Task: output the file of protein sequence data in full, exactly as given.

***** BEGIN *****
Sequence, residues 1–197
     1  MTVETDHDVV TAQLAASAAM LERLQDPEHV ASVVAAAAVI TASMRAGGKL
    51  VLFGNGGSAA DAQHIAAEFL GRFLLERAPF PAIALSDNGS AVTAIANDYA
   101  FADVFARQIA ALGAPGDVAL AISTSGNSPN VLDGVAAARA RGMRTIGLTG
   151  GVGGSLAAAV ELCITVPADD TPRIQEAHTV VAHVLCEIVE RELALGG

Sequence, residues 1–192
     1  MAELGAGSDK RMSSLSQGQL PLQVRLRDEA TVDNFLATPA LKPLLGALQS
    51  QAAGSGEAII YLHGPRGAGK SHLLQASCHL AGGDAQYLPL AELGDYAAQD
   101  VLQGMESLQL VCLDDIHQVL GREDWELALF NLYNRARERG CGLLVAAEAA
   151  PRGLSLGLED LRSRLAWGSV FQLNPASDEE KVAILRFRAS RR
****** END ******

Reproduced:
Sequence, residues 1–197
     1  MTVETDHDVV TAQLAASAAM LERLQDPEHV ASVVAAAAVI TASMRAGGKL
    51  VLFGNGGSAA DAQHIAAEFL GRFLLERAPF PAIALSDNGS AVTAIANDYA
   101  FADVFARQIA ALGAPGDVAL AISTSGNSPN VLDGVAAARA RGMRTIGLTG
   151  GVGGSLAAAV ELCITVPADD TPRIQEAHTV VAHVLCEIVE RELALGG

Sequence, residues 1–192
     1  MAELGAGSDK RMSSLSQGQL PLQVRLRDEA TVDNFLATPA LKPLLGALQS
    51  QAAGSGEAII YLHGPRGAGK SHLLQASCHL AGGDAQYLPL AELGDYAAQD
   101  VLQGMESLQL VCLDDIHQVL GREDWELALF NLYNRARERG CGLLVAAEAA
   151  PRGLSLGLED LRSRLAWGSV FQLNPASDEE KVAILRFRAS RR